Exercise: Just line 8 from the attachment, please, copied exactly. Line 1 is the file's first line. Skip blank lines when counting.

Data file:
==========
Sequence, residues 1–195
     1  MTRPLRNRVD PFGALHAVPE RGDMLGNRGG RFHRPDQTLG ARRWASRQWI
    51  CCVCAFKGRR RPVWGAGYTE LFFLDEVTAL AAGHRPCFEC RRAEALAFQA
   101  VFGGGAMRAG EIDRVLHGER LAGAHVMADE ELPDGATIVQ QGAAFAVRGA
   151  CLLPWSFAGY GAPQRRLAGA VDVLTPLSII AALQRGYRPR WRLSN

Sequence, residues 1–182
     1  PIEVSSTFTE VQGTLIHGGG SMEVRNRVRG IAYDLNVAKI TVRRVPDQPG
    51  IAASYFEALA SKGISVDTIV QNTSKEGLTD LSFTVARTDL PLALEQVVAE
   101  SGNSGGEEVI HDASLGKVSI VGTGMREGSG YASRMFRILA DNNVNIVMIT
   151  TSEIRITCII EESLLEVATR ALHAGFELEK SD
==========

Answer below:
    51  IAASYFEALA SKGISVDTIV QNTSKEGLTD LSFTVARTDL PLALEQVVAE